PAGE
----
It is important to be critical of wearable devices – if you feel like you got a good night’s sleep, that may disagree with the data on your wearable. It has also been suggested that wearable devices can potentially cause ortho-somnia – the medical term for an unhealthy obsession with getting perfect sleep.
We have mentioned sleep stages a couple of times. This is an area where many of us have misconceived ideas. Let’s take a look.
Sleep stages are divided into two main categories:
- REM sleep
- Non-REM sleep
REM is a term many of us will be familiar with (in no small part due to the American rock band from Athens, Georgia, formed in 1980 with lead vocalist Michael Stipe). It stands for Rapid Eye Movement, detected by electrical activity of the eyes. The REM sleep stage takes up about 25% of our night, although not all at the same time. We actually cycle through non-REM to REM in about 90 to 110 minutes.
In the beginning of the night, the REM periods may last only five minutes then you go into the deep (Non REM) sleep. As the night goes on, the REM periods increase in length, so in total REM sleep takes up about 25% of our sleep time across the night, mainly in the last half of the night. You can dream in any stage of sleep, but when you wake up from a dream in the REM stage (especially in 2nd half of night) that’s where you remember the dream.
Non-REM sleep is composed of three different stages:
- Non REM 1: the lightest stage of sleep, taking up about five percent of our sleep time across the night
- Non-REM 2: takes up about fifty percent of our sleep time across the night so it’s a very broad category
- Non-REM 3: the deepest stage of sleep – where growth hormone is being released – that’s where tissues are being repaired.
Interestingly, a lot of the deep sleep (Non-REM 3) occurs in the first half of the night whereas a lot of the REM sleep, as we mentioned above, occurs in the last half of the night. It’s as if the body is ensuring that just in case the night’s sleep is cut short, a chunk of time has been devoted to tissue repairing.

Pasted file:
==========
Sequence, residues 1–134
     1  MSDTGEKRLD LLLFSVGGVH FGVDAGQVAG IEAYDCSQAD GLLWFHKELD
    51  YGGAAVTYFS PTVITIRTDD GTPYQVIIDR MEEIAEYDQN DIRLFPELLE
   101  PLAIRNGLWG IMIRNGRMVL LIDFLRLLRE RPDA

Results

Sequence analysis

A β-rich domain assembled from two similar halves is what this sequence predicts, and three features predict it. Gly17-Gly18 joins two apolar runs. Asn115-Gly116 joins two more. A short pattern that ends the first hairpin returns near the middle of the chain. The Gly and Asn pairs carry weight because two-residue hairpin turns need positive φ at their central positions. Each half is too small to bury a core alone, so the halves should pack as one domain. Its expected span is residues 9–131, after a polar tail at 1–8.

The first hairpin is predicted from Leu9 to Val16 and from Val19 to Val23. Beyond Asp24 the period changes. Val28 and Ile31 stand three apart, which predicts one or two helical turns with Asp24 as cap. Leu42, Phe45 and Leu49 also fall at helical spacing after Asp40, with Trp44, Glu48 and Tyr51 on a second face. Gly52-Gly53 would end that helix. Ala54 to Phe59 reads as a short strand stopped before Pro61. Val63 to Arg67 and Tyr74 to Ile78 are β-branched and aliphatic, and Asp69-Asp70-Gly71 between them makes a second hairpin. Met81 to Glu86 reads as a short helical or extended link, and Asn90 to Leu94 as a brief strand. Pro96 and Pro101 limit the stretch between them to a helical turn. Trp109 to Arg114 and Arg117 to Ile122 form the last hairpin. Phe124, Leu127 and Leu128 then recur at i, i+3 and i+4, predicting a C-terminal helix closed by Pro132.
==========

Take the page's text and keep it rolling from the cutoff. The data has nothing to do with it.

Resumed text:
Sleep & Recovery
When you exercise, you have an increase in Non-REM 3 – the deepest stage of sleep where growth hormone is being released. If you need more recovery, you need more Non REM 3 stage for that growth hormone. There’s also a lot of memory benefits in that non-REM 3 stage, referred to as ‘pruning memory’ where you’re getting rid of memories you don’t need and also consolidating memories you do.
Unfortunately, scientists are still not sure how to specifically control the amount of non-REM 3 deep sleep we get. There are things we can do to improve overall sleep quantity & quality so the best thing we can do for now is just go for generally better quality and quantity of sleep.
Ever had the feeling that you’re a Night Owl by design? I certainly am, even as a baby, so much so that they took me to see sleep specialists. If you’re an early bird, best stay out of my way in the mornings…
Chronotype is the natural inclination of your body to sleep at a certain time. It is also thought to have an influence on appetite and exercise, and how alert/sleepy you feel at certain periods of the day.
Chronotype is closely related to circadian rhythm, which controls your day-to-day sleep-wake cycle and releases melatonin in response to environmental cues such as light and temperature. The difference is, whilst your circadian rhythm can be ‘trained’ by modifying external stimuli, your underlying chronotype cannot.
Your chronotype may however shift throughout the course of your life. Most children have an early bird chronotype (I didn’t – I’m special). With adolescence, chronotype generally becomes progressively later (hence the image of the lazy teenager struggling to get up for school), showing a maximum in ‘lateness’ at around the age of 20 years old. From 20 onwards, chronotype becomes earlier again with increasing age.
Some studies (see Fischer et al. 2017 for details) have shown women to be earlier chronotypes than men for most of adulthood, with the difference disappearing after the age of 50. The majority of middle-aged adults seem to do best with a bedtime between 11 pm and 12 am, and a wake-up time between 7 am and 8 am. In older adulthood, our chronotype shifts even earlier.